You can use a warm iron to “fuse” the waxy side of freezer paper to fabric, cut to size and zip the whole thing through the printer. Let the ink dry, and peel off the freezer paper. Presto! You’ve got a crisp image on fabric. The freezer paper pulls right off without distorting the fabric. (I usually iron the image to set the ink) This freezer paper works great for “fussy cutting” a fabric image for quilting or applique, too.

  54. I tried the Mod Podge method and had some trouble. I was just wondering if anyone else encountered the same issue? (see the photos at: http://bluestarantiques.blogspot.com/2012/06/another-stool-and-another-challenge.html


  55. Wow thank you for this amazing information. Recently I started a blog because I get so inspired by stuff just like this. Last year we were foreclosed on and ended up purchasing a Cheap home lol and had to gut it down to the siding. All these great ideas I find will help me finish my home with personality. Thanks Graphics Fairy..Kristin

  56. isso é maravilhoso e você é incrível! obrigada, querida, por sua dedicação e carinho aos seus fãs!!!!! beijos

  57. Anonymous says:

    Thank you SO much for investing the time and effort it took to bring this to us…you’re wonderful!!!

  58. Hi Karen,
    I am coming over Kathy@A Delightsome Home. Thank you for those tutorials. Ther are so many inspirations for me.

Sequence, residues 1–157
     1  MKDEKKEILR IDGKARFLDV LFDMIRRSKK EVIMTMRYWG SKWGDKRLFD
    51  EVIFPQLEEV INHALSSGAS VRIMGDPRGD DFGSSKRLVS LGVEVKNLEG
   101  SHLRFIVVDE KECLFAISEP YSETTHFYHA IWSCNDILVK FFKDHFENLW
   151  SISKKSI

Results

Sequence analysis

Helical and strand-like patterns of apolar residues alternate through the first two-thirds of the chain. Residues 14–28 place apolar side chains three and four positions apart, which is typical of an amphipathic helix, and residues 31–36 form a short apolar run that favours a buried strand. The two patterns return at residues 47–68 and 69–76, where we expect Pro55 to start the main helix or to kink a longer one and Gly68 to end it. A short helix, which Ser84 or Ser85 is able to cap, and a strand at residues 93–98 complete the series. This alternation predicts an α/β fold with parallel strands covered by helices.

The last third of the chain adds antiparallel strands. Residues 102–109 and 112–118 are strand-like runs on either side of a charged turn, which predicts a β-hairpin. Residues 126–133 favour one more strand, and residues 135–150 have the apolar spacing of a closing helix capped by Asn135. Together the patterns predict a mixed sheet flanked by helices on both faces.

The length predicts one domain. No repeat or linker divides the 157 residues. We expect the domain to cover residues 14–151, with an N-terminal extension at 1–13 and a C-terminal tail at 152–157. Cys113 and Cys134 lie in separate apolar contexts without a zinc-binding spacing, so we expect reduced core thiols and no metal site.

Best greetings, Johanna

  59. Very informative. Thank you!

    I’m going to forward this to my email list.

  60. Thank you so much for this post!! Fabulous and I can’t wait to check out all the links. And…I can’t wait to start using some of them!
    Debbie :)

  61. Anonymous says:

    Great post, many thanks.

  62. Your blog is amazing and so are you! And generous! Thanks for providing us with loads of fun!

  63. I’m sorry but I have to agree with Anonymous. I have tried several of your transfer techniques and am not having any success at all. I love all your graphics but can’t find a good method to transfer them to wood.

    • Some of the methods may take a little practice. The best thing to do is to try them out on some scrap pieces of wood, until you get the hang of it. If you check out my Brag Monday posts, you can see lots of projects done by my readers, successfully using these techniques. I hope that helps!